Digi XCTU® is a configuration tool that enables developers to test, configure and manage Digi XBee® networks before and after deployment. Developed with a range of easy-to-use tools, such as the Spectrum Analyzer, Digi XCTU simplifies every aspect of building out a wireless network with Digi XBee wireless devices.
Analyzing Spectrum with Digi XCTU
While it is not technically magic, Digi XCTU can reveal the invisible. It features a Spectrum Analyzer tool that can measure energy levels across various radio channels in real time, keeping track with graphs and statistics to help you select the best configuration for your Digi XBee network. Avoiding channels with high interference will make your network more reliable, help prevent data loss and extend battery life. The Spectrum Analyzer is also a powerful troubleshooting tool, to help locate sources of unwanted radio noise. Unless you can see, smell or hear radio, you'll want to use Digi XCTU to analyze what can't be seen. Let's go hands-on with this practical tool.
- One Digi XBee or XBee 3 module
- 1 Grove or XBIB evaluation board
- 1 USB cable
- A laptop or desktop computer
- Digi XCTU (free download)
NOTE: These instructions will work with many different models of Digi XBee radios including Zigbee, 802.15.4, DigiMesh, and a variety of sub-GHz Digi XBee devices. The Digi XBee 3 Zigbee Mesh Kit also has everything you need for this project.
Begin by following the instructions in the Digi XCTU Configuration article to:
- Download Digi XCTU.
- Connect a Digi XBee 3 to your computer with an XBIB or Grove evaluation board, via USB.
- Open Digi XCTU and click Add Device to connect to the Digi XBee 3.
Defaults for Local XBee
Next, revert the locally-connected Digi XBee or Digi XBee 3 to its factory defaults. You can begin this by clicking the radio module in the list on the left. That will load the configuration window to the right. Next:
- Select Default and click Yes to confirm. This will load the default factory firmware settings into Digi XCTU.
- Select Write to write these default settings to the radio module's firmware.
NOTE: Spectrum analysis does not require any remote radios. The local radio simply listens to each configured channel to gather data so it never needs to send anything out.
Spectrum Analysis with Digi XBee
- Begin by selecting Spectrum Analyzer from the Tools menu.
- The Spectrum Analyzer window appears, including Device Selection at the top and spectrum graphs below it.
- In the Device Selection area, select the local radio.
- Use the default configuration as-is for your initial runs. 100 samples at 1 second intervals will provide a reasonable first survey of your local radio environment. Later, you might want to try more samples at a larger interval. For example if you wanted to make a 24-hour analysis to understand how the environment changes over the course of a day, you might pick six-minute intervals by selecting a 60000 ms sampling interval over 1440 samples.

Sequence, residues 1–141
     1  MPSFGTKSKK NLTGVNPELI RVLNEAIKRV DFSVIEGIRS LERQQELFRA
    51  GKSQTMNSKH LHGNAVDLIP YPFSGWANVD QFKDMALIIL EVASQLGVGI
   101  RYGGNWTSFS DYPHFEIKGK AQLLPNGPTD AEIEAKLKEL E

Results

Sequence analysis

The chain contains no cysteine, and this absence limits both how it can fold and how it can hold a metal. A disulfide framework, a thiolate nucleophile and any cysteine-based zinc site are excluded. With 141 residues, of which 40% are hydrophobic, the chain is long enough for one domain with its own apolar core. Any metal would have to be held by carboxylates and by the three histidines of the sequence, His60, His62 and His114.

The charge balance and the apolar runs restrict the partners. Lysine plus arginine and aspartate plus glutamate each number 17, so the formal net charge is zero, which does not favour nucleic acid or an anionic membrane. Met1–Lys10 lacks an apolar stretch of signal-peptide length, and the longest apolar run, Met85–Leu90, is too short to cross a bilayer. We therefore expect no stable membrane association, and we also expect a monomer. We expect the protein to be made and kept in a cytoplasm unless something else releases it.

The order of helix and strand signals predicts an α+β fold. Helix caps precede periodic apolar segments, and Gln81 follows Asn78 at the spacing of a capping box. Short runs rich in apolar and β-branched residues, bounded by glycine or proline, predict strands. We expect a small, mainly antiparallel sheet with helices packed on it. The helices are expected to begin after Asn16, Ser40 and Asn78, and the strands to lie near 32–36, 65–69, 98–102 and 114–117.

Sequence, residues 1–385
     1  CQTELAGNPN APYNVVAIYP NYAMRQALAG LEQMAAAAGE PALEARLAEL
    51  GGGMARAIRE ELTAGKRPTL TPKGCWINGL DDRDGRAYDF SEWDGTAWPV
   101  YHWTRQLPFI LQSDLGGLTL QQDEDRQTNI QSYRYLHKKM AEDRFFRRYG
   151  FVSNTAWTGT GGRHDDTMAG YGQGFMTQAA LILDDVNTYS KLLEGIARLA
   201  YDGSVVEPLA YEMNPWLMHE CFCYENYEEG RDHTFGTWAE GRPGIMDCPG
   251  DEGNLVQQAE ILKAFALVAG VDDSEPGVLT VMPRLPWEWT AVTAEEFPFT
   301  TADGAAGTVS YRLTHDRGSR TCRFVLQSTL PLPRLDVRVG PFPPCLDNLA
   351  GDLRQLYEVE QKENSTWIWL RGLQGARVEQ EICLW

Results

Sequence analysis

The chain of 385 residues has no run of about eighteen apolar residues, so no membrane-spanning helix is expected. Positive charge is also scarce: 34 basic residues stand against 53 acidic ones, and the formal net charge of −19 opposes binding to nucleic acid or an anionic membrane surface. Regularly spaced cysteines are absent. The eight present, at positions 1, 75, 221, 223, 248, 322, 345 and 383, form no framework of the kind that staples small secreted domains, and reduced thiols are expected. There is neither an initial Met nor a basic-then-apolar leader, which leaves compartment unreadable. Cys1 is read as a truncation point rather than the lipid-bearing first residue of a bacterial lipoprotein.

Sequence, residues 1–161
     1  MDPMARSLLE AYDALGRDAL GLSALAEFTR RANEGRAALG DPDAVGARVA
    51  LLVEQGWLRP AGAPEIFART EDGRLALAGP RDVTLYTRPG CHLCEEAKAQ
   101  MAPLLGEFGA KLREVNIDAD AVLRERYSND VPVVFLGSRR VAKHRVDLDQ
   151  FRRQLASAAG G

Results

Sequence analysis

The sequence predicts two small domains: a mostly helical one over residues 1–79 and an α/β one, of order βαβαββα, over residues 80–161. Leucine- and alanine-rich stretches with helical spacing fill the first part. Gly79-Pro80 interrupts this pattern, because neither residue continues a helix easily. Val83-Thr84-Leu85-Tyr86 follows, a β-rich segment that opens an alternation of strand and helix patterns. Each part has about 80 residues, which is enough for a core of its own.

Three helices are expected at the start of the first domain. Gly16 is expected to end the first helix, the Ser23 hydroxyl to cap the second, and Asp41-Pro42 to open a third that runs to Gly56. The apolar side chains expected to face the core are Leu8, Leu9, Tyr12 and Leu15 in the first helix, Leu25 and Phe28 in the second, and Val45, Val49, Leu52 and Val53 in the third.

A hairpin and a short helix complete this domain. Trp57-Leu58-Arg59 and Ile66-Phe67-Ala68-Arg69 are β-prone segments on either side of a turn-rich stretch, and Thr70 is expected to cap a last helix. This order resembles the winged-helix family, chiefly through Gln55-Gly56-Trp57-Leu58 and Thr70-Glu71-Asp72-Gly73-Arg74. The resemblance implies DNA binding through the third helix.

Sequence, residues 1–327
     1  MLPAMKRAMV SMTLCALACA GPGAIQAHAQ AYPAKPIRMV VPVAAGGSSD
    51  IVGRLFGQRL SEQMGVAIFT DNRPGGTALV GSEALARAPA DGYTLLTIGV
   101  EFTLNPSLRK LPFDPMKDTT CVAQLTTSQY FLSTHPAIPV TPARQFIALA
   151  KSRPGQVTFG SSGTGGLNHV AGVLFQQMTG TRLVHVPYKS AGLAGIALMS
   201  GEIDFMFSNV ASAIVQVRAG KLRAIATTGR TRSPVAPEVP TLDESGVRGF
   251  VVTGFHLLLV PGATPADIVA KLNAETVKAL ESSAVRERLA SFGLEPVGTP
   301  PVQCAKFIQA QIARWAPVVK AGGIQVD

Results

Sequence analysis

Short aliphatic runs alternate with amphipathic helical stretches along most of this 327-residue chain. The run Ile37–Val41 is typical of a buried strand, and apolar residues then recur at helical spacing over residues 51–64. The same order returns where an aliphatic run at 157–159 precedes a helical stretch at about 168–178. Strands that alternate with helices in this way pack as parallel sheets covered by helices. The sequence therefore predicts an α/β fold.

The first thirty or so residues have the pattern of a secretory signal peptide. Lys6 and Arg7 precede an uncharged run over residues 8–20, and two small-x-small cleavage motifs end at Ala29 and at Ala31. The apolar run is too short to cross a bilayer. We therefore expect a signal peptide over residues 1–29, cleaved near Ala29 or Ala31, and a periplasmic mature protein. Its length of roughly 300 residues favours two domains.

- Begin the analysis with the Start spectrum analysis button. Digi XCTU will begin listening to each channel in turn and display the discovered data in real time.
- All the data is displayed in a bar chart. By default all channels are displayed. Uncheck any that don't interest you. The graph shows current levels for each channel, along with the maximum, minimum and average values for the entire analysis. Here's what that looks like at 2.4 GHz with a Digi XBee 3 Zigbee radio module:
And here's what it looks like for a Digi XBee-PRO 900HP running at 900 MHz, which uses many additional channels:
- You can examine the data for each channel by clicking on its bar in the main bar chart. That channel's detail including numeric data will be displayed below. The following is the detail for a channel that is already experiencing a lot of radio energy. The lower bar graph in green shows four bars of noise so it's probably a channel we want to avoid:
These two videos show the entire spectrum analysis process. The first, at 2.4 GHz, shows how the data develops for our analysis in that frequency range. The best channel would probably be 14 and the worst is Channel 4. Our second video shows the same type of analysis in the 900 MHz range. There are many more channels but you'll notice right away that there's far less interference in this range. The reading averages a quiet -90 dBm rather than the noise average of about -60 dBm for 2.4 GHz. Given that 2.4 GHz is where Wi-Fi and Bluetooth reside, this is not at all surprising. Channels in the mid-20s are somewhat noisy but the rest of the spectrum is quiet and ideal for IoT use.
Spectrum Analysis 2.4 GHz
Spectrum Analysis 900 MHz
The Spectrum Analysis feature provides a fast method for exploring local radio frequencies to determine which channels and ranges have the least noise, and therefore the best performance for your IoT system. Digi's XCTU automatically generates a detailed analysis that can be used to select preferred channels. By moving around your environment while performing analyses, you can help determine possible sources of interference and their timing. By choosing low noise channels, your IoT system receives many benefits. It will transmit data more reliably, form mesh networks more rapidly, extend the effective range of each radio, reduce battery use and eliminate many service calls.
Digi's XCTU Spectrum Analyzer provides yet another essential empirical tool for designing your network. The real-world information generated can help ensure your IoT system runs flawlessly, so you can concentrate on designing your application and maximizing your system's value.